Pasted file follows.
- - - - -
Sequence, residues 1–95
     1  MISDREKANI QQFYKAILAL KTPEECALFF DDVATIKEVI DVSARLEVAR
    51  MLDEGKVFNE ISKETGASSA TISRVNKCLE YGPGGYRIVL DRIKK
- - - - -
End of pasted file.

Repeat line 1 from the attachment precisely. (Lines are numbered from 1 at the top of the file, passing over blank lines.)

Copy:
Sequence, residues 1–95